Tooth Decay and pain natural help and prevention of
tooth cavities, keep your gums healthy
September 12 2018
While overall spending for dental services appears to be favorable during the period after the last recession, a review of a series of government and private agency reports indicates an increasing proportion of the population is unable to secure needed services due to cost factors. In addition, projections for annual increases in future spending for dental services are lower than for other professional health services.
There is no link between breastfeeding and tooth decay
in very young children.
Mexican-American children, those living in poverty and those whose mothers smoked during pregnancy are at greater risk of dental caries.
Older adults who have lost all their teeth have faster decreases in memory and walking ability than people who still have at least some of their teeth.
The American Dental Association says foods that can damage teeth include:
Hard candies, because of the sugar content and because
they can break a tooth.
Use stevia no calorie sweetener since it does not cause tooth cavities.
Caffeinated coffee and tea can dry out your mouth.
Sticky foods, such as dried fruit.
Crunchy foods, such as potato chips, that can get stuck between teeth.
Acidic, sugary and caffeinated sodas.
Sugary sports drinks.
Even sugar-free sodas, sports drinks and candy can damage your teeth. Australian researchers tested 23 sugar-free and sugar-containing products, including soft drinks and sports drinks, and found that some with acidic additives and low pH levels (a measure of acidity) harm teeth, even if they are sugar-free.
Herbs, dietary supplements that are helpful in reducing tooth decay or pain include:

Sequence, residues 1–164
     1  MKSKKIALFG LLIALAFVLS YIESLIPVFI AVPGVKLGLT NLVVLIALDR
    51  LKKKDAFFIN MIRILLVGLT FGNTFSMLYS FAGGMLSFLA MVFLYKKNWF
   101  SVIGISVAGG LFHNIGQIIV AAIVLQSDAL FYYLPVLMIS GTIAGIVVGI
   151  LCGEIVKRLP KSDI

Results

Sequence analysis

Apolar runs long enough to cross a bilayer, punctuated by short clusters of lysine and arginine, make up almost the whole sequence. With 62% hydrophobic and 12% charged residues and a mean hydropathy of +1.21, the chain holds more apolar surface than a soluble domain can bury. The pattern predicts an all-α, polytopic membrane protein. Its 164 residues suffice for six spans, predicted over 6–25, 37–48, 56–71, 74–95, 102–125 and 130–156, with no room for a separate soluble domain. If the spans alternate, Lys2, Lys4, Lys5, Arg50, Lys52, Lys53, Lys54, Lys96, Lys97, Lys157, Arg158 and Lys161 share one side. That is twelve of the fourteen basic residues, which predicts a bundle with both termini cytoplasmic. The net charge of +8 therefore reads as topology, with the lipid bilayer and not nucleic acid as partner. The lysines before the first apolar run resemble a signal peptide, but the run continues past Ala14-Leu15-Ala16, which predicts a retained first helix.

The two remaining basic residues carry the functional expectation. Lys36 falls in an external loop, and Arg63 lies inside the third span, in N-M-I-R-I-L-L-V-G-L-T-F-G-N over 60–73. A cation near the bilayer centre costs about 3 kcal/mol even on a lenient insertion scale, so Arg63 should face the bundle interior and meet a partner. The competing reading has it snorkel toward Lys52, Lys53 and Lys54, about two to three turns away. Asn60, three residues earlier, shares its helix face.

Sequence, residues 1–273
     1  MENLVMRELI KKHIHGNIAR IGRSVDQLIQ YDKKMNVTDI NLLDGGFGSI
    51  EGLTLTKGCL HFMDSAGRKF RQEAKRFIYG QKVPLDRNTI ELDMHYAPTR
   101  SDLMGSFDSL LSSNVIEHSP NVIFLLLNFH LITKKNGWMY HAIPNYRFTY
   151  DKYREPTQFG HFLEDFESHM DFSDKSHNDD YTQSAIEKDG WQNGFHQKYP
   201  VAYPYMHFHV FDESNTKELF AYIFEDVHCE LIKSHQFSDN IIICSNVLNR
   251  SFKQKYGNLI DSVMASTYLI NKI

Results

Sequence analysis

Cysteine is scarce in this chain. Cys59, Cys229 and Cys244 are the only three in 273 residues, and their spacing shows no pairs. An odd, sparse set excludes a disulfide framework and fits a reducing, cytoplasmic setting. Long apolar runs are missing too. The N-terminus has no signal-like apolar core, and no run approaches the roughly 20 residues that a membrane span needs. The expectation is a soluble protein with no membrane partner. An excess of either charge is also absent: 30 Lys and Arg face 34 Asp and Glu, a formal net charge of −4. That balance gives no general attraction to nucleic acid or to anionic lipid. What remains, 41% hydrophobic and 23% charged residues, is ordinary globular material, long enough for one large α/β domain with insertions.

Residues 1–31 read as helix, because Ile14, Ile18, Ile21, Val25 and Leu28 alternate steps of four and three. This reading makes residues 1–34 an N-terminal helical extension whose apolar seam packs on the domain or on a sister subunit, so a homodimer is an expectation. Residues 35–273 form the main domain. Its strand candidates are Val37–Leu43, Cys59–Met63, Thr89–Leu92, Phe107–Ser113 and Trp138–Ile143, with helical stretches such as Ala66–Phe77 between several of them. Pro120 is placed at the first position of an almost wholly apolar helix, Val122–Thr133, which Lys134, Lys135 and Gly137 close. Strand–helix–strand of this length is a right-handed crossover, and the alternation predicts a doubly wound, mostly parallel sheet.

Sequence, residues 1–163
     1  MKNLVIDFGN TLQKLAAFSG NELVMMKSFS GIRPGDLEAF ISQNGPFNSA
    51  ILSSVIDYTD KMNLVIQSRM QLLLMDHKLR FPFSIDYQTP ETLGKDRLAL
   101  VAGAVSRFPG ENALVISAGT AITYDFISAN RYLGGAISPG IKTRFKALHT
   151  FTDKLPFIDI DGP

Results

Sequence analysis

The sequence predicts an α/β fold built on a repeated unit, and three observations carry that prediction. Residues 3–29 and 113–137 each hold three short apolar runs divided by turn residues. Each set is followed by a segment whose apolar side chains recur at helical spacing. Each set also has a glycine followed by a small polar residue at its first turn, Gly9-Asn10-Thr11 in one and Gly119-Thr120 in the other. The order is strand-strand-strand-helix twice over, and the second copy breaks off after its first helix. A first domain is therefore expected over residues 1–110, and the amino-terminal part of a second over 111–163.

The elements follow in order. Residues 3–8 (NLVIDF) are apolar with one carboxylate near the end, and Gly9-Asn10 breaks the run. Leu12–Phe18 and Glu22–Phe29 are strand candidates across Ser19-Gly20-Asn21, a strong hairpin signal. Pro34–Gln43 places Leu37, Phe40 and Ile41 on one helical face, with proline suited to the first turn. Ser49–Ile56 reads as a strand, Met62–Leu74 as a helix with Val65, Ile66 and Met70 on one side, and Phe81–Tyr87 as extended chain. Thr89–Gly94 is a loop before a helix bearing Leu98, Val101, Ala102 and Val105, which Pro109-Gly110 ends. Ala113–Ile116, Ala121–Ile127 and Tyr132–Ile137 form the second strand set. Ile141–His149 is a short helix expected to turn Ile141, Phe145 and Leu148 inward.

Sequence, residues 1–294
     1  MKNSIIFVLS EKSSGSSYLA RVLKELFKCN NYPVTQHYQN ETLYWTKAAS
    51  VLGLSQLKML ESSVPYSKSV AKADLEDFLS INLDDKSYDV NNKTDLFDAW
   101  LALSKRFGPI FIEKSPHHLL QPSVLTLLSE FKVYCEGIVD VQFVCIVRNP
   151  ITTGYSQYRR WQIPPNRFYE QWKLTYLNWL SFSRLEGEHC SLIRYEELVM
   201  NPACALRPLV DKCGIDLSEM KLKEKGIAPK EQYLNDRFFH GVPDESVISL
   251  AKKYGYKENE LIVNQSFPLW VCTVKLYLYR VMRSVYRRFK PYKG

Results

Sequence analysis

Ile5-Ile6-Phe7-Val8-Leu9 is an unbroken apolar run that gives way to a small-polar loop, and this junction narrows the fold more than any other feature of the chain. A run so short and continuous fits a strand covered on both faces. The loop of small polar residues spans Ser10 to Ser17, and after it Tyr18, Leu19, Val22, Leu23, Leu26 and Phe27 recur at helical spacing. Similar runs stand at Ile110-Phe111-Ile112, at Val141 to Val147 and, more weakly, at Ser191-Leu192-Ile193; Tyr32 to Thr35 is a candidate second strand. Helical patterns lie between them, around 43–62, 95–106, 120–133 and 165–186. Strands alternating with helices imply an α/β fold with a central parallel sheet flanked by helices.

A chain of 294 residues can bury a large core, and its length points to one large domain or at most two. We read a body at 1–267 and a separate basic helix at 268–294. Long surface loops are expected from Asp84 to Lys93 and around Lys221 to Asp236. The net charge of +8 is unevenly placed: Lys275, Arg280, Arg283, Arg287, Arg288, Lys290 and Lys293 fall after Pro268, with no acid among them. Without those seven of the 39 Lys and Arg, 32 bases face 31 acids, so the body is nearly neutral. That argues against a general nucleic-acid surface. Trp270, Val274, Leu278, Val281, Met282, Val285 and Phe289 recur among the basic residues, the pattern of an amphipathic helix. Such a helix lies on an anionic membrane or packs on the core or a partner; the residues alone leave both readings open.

Clove spice in the form of oil or ground powder is quite effective in reducing discomfort or pain when rubbed against the gums near the toothache.
Asian Pac J Trop Medicine. 2011. Anticariogenic potentials of clove, tobacco and bitter kola. To investigate three tropical plant materials - clove seeds [Syzygium aromaticum (S. aromaticum)], bitter kola fruits [Garcinia kola (G. kola)] and tobacco leaves (Nicotiana species) as potential targeted killers of Streptococcus mutans (S. mutans), a cavity-causing bacterium (gram-positive, facultative anaerobe) that resides in a multispecies microbial community (dental plaque) for the treatment of dental caries (tooth decay). Since the n-hexane extract of clove seeds demonstrated preferential growth-inhibitory activity against the causal cariogenic pathogens (S. mutans) in dental caries, we therefore, report here that clove extract be henceforth considered as a potential ingredient in toothpaste preparation.
Garlic is able to kill certain bacteria in the mouth that cause cavities. Perhaps regular consumption of fresh garlic could reduce dental caries. Garlic should be eaten raw and there is a good chance it could kill bacteria if there is an infection.
Indian J Dent. 2014. Evaluation of antimicrobial efficacy of garlic, tea tree oil, cetylpyridinium chloride, chlorhexidine, and ultraviolet sanitizing device in the decontamination of toothbrush.To assess and compare the efficacy of 3% garlic extract, 0.2% tea tree oil, 0.2% chlorhexidine, 0.05% cetylpyridinium chloride, and ultravoilet (UV) toothbrush sanitizing device as toothbrush disinfectants against Streptococcus mutans. The antimicrobial agents used in this study effectively reduced the S. mutans counts and hence can be considered as toothbrush disinfectants to prevent dental caries. The 3% garlic was the most effective among the antimicrobial agents.
Food components with anticaries activity. Curr Opin Biotechnology. 2012. Department of Drug Sciences, Pavia University, Viale Taramelli, Pavia, Italy. Until now convincing evidence exists only for green tea as a functional food for oral health, partly owing to its high content of catechins, especially epigallocatechin-gallate. A number of other foods showed potential anticaries activity. Some other foods able to act against pathogen mutans group Streptococci growth and/or their virulence factors in in vitro tests are: apple, red grape seeds, red wine (proanthocyanidins), nutmeg (macelignan), ajowan caraway (nafthalen-derivative), coffee (trigonelline, nicotinic and chlorogenic acids, melanoidins), barley coffee (melanoidins), chicory and mushroom (quinic acid). In vivo anticaries activity has been shown by cranberry (procyanidins), glycyrrhiza root (glycyrrhizol-A), myrtus ethanolic extract, garlic aqueous extract, cocoa extracts (procyanidins), and propolis (apigenin, tt-farnesol).